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Laura Waters Hinson (David Livingston/Getty Images)

Miracles of reconciliation

Q&A | Witnessing 'radical forgiveness' in Rwanda taught filmmaker Laura Waters Hinson to forgive

Issue: "Agony and ecstasy," April 7, 2012

April 7 is the 18th anniversary of the start of one of history's most poignantly evil episodes.

On that day Rwandan Hutus started the mass murder of Tutsis, along with any Hutus who tried to protect Tutsis. They did not kill pseudo-scientifically, in gas chambers or through bombs dropped from on high, but mostly with machetes. They killed neighbors who had lived beside them and helped them for years.

An estimated 800,000 Rwandans-almost one out of eight-died. In 2008 Laura Waters Hinson, then 29, won the best student documentary Oscar for As We Forgive, a film about reconciliation in Rwanda between genocide perpetrators and survivors.

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What was the first movie you made? In the fifth grade, my friends and I on the cul-de-sac banded together and made a horror movie about a woman stabbed in the shower. We made sure the ketchup ran red down the drain. That was the beginning. Auspicious.

Let's fast-forward to college and a fellow named Tom. Tommy and I fell madly in love my junior year at Furman. We dated for three years and were engaged for about eight months. He ended up calling off the wedding. It was a very, very sad thing. No deception or anything like that, but he realized he was terrified of marriage. We broke up. I sold my dress on eBay and had to pay back all my bridesmaids for their dresses.

Eleven bridesmaids? Eleven. We lost thousands ... or my dad did. But more than that, I thought it was the end of the world and that the man I was supposed to marry was gone. I was deeply devastated.

Then what happened? I moved home to live with my parents, very dejected, asking, "What will I do with my life? I've lost everything." I thought, "Hey! What's crazier than going to film school? I have nothing to lose." The only film I'd done was that fifth-grade one.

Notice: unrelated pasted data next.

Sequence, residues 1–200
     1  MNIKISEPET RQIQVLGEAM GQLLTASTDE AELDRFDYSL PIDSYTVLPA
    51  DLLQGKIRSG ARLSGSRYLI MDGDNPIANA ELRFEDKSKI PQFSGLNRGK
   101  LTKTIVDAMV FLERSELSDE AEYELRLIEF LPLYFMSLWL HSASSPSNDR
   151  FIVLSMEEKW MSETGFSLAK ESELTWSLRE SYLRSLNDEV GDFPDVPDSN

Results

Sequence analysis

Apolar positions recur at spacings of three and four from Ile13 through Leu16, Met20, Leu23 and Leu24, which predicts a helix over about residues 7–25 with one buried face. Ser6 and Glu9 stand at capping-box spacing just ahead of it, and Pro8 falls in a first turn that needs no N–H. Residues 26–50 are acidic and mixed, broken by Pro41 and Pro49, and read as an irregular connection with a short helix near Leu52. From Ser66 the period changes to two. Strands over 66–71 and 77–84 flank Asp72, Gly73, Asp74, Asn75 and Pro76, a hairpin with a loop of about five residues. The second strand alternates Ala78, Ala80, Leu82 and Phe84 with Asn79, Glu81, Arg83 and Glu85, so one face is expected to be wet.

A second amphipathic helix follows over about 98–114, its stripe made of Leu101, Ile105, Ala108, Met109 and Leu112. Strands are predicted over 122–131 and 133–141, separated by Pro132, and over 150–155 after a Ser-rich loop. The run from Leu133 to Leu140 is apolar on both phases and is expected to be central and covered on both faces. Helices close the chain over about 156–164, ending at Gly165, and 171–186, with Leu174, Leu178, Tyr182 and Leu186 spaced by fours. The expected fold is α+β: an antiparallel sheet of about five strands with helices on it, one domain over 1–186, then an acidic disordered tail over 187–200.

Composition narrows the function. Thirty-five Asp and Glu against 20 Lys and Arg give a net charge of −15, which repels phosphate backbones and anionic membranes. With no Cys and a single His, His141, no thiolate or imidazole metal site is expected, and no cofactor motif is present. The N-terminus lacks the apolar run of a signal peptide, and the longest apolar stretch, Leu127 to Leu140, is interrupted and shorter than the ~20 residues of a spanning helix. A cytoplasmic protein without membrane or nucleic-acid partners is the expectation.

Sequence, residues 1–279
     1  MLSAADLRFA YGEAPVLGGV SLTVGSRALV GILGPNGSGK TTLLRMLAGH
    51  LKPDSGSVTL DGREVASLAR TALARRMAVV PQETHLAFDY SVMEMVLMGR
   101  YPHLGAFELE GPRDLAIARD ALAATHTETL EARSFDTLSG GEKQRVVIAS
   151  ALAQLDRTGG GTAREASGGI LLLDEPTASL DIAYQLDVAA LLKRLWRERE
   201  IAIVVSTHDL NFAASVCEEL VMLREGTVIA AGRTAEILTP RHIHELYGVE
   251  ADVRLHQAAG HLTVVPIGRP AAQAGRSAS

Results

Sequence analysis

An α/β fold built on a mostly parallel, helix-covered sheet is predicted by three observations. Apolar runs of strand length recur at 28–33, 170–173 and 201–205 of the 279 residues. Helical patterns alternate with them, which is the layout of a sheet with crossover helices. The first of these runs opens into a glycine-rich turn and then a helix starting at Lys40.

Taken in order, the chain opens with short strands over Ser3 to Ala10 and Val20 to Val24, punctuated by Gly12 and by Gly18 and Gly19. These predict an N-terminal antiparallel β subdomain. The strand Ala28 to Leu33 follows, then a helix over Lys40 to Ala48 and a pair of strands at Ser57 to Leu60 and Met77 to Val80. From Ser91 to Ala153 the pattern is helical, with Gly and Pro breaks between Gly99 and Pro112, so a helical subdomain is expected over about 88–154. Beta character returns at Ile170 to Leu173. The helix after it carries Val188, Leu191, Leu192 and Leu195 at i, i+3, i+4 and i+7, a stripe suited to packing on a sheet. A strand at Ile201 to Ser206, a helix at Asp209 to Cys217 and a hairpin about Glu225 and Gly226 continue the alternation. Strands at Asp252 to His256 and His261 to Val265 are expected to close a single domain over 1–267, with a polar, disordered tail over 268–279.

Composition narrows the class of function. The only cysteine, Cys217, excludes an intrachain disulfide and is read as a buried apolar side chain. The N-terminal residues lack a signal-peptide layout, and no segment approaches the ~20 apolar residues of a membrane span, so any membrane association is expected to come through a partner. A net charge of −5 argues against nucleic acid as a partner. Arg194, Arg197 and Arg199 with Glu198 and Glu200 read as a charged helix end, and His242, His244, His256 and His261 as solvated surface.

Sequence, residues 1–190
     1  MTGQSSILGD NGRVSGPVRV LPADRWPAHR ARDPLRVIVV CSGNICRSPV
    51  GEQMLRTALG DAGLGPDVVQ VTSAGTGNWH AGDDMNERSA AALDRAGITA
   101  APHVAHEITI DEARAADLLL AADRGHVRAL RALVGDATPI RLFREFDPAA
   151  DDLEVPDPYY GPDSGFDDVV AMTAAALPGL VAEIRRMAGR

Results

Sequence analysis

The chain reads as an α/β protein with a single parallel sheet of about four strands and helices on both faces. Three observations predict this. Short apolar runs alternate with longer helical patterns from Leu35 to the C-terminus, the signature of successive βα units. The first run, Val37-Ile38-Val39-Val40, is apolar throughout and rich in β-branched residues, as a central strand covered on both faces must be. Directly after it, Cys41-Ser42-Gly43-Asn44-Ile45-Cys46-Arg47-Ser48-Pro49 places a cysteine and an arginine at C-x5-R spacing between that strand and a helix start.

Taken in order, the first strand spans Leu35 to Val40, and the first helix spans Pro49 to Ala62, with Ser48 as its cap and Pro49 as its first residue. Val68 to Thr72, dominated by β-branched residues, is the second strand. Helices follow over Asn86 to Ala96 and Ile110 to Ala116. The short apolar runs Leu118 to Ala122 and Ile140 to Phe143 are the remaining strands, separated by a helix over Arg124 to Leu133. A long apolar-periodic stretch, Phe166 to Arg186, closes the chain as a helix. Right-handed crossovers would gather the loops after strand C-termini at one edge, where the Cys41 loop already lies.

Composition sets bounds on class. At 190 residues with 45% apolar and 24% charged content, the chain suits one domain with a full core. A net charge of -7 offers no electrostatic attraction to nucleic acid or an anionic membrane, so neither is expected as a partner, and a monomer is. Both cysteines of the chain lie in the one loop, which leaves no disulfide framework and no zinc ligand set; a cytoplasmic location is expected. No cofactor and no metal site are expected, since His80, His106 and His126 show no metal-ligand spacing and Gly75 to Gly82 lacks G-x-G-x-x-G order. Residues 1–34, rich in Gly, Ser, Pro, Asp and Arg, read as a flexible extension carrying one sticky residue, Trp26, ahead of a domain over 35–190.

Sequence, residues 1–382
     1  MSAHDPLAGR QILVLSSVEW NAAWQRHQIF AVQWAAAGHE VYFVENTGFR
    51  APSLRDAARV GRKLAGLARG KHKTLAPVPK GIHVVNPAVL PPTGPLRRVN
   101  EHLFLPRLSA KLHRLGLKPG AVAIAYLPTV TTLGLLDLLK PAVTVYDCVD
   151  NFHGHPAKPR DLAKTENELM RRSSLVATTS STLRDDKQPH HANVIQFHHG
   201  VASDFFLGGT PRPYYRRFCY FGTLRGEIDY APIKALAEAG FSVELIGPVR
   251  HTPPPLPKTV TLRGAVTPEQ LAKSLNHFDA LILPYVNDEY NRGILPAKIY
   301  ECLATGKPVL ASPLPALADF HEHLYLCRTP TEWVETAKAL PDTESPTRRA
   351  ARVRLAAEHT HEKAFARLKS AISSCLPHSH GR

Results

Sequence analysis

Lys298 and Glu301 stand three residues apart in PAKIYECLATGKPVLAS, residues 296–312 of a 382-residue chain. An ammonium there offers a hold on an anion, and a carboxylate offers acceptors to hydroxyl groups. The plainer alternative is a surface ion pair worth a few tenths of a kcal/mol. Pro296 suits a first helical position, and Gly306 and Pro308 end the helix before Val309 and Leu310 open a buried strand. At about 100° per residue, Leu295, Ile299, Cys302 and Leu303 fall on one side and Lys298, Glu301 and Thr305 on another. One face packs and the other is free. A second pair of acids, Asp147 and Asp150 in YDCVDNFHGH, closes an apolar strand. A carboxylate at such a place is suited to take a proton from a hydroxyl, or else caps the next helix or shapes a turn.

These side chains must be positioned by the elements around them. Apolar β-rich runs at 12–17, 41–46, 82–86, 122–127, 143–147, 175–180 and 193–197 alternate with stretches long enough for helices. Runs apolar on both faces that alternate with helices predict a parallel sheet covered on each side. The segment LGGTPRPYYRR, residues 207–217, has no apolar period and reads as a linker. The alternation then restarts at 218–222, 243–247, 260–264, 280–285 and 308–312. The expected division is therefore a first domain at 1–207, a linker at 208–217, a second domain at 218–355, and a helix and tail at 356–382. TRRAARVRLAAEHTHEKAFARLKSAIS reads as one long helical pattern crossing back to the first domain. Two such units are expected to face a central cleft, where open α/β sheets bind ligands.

Had things gone according to your happy plans, would you have gone to film school? I would have gotten a job, probably in marketing, and worked to put Tommy through graduate school.

So you went to film school and had to make a movie for your master's thesis ... I had no idea of what to do. In 2005 a group from my Anglican church was going to Rwanda to establish a partnership with a sister community there. My pastor said, "Laura, I don't know why, but I have a very strong sense that you need to be on this trip." I protested and protested and said I didn't want to raise the money, $3,000. Two weeks later the money appeared mysteriously and I went.

What did you find in Rwanda? I went thinking we would learn about the genocide and get to know the culture. Then the story took hold of me. This idea that you had tens of thousands of killers coming home to the places where they massacred people's families ... and people were being asked to forgive. I came home and spent the next year talking to people about the idea and raising funds. My church supported me. We took a student crew back a year later to make the film.

How did you find the people you interviewed? It was providential because we landed in Rwanda with no idea about interviewees. Our wonderful translator Emmanuel, a survivor of the genocide, would go first into the homes of widows and hear their stories. They were surprisingly open and honest.

Did you get any refusals? None. Both sets of perpetrators that we focused on had already publicly confessed their crimes. Their guilt and their shame were truly apparent on their faces. They wanted to tell the story, to lift the burden of guilt. Being in the film was a way for them to do it.

What effect did those dozens of hours of interviews have on you? The experience was incredibly hopeful for me even though it was one of the hardest things I've ever gone through-to listen, and then listen again and again through the editing process, to these stories of massacres and deaths, and to hear on the other end the way the stories turn out. The way the women were, over time, able to forgive, humbled me. I thought I was a good Christian and understood God, but when I went to Rwanda, came back, and meditated on the idea of radical forgiveness, I realized my view of God was very small. Those women helped me to search out my own heart: Could I forgive?

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